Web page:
At the same time, Angelina begins exploring San Francisco’s porn industry, using the moniker Cherry, under the wing of a former performer turned adult film director (Heather Graham). But Angelina’s newfound ideal lifestyle soon comes apart at the seams. About Cherry challenges assumptions about sexuality and pornography, while addressing the common struggle of finding one’s role in life.
This bold debut film by author Stephen Elliott, a visual love letter to San Francisco, is the story of high school student Angelica (a mesmerizing Ashley Hinshaw), whose choices lead her from a depressing home life and dead-end job in Los Angeles to the fetish-filled Bay Area adult film world.
A stepfather with dark motives lurks in the background, as Angelica watches over her younger sister and questions her options. In memorable supporting roles are Festival favorite Lili Taylor as Angelica’s manic and opportunistic mother, Jonny Weston as her sexy but sleazy boyfriend and Dev Patel as best friend and much-needed nonsexual support.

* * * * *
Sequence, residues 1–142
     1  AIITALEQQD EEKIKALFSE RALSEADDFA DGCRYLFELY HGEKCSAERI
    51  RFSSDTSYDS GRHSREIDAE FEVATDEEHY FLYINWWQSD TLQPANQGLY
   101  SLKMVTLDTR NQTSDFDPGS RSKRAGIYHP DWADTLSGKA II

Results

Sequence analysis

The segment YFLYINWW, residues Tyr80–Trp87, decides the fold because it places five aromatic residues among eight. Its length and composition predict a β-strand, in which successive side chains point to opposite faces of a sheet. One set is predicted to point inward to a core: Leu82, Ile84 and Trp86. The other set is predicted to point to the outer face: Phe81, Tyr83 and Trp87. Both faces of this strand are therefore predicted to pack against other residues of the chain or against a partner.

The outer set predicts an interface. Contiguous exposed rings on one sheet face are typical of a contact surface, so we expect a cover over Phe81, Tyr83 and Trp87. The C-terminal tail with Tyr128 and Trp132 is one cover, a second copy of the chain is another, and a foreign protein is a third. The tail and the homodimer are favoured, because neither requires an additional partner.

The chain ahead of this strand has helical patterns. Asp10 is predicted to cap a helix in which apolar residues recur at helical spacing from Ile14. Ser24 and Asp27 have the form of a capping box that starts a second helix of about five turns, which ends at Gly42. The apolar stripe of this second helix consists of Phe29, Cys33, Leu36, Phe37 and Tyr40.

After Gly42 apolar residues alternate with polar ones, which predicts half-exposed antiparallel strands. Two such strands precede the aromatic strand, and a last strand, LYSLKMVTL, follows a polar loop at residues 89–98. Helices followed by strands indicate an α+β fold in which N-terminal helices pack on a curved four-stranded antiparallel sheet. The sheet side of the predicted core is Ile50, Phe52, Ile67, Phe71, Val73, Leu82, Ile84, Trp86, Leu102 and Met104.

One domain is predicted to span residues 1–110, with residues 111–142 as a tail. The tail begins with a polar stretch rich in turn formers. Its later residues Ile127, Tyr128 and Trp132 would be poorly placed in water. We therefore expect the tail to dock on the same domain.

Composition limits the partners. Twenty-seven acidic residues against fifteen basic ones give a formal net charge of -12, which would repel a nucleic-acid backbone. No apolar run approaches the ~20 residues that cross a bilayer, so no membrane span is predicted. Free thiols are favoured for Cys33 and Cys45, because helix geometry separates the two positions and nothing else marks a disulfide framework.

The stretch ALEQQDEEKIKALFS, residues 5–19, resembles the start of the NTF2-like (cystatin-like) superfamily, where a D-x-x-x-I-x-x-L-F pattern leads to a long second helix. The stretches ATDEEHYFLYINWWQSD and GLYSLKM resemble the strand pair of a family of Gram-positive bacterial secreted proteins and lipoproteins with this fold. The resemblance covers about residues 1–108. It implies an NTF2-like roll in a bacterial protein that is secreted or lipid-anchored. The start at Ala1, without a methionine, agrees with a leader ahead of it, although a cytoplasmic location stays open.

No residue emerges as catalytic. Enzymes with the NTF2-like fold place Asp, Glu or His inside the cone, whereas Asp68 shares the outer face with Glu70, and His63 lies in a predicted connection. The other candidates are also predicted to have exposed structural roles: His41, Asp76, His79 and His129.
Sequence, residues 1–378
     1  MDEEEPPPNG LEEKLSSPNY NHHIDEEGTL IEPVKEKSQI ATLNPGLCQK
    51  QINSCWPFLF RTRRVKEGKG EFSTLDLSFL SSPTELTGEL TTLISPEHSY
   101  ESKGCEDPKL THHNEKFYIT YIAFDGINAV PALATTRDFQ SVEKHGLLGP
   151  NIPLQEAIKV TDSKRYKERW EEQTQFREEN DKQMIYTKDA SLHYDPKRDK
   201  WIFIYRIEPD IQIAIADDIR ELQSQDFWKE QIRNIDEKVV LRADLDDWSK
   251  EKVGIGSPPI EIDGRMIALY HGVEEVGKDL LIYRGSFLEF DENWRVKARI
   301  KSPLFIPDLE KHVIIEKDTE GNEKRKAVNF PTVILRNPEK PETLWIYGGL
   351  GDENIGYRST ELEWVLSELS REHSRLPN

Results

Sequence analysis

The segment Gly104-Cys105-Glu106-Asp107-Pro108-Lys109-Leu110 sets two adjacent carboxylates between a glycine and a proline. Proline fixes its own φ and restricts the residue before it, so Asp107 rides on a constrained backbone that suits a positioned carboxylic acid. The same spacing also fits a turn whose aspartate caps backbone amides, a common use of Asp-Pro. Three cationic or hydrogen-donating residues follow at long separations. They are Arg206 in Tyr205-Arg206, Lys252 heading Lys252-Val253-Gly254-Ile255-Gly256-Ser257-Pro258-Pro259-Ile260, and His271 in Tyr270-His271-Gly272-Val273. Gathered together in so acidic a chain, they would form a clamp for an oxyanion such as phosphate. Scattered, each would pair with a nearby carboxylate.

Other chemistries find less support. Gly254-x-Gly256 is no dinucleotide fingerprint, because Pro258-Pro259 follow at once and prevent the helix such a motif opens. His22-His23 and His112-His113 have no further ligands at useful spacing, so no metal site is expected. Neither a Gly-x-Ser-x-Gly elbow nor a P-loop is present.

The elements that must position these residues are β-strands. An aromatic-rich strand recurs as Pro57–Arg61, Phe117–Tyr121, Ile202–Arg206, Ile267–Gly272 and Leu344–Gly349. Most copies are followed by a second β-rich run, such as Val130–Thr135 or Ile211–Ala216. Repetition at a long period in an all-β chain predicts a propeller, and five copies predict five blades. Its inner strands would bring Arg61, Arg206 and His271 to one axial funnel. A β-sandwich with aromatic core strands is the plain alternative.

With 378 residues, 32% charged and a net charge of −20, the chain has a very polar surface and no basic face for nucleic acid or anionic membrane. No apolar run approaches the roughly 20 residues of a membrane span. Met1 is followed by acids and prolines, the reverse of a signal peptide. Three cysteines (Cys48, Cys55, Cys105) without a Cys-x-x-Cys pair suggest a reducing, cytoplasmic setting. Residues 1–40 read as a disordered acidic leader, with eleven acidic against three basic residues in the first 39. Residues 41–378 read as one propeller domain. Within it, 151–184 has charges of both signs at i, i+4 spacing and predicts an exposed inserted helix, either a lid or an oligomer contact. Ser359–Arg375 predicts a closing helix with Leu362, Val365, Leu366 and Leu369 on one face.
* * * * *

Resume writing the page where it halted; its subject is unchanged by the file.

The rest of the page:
The vibrant cast also includes James Franco as a coke-addicted attorney who spots Angelica in a strip club, and Heather Graham as a female porn director who launches “Cherry’s” adult film career with mixed feelings. A gritty and defiantly voyeuristic look at the life of a youth who never loses her innocence, even as she gyrates for the camera, Cherry captures a rare point of view, urging us to consider the delicate tension between body and self by focusing on society’s most sought after objects of desire.
Directed by: Stephen Elliott
Starring: James Franco, Heather Graham, Dev Patel, Ashley Hinshaw, Lili Taylor, Diane Farr, Elana Krausz
Screenplay by: Stephen Elliott, Lorelei Lee
Production Design by: Michael Grasley
Cinematography by: Darren Genet
Film Editing by: Michelle Botticelli
Costume Design by: Daniella Turner
Set Decoration by: Tyler Kowalski
Art Direction by: Christopher Gaw
Music by: Jeff Russo
MPAA Rating: R for sexual content, including nudity, language and some drug material.
Studio: IFC Films
Release Date: September 21, 2012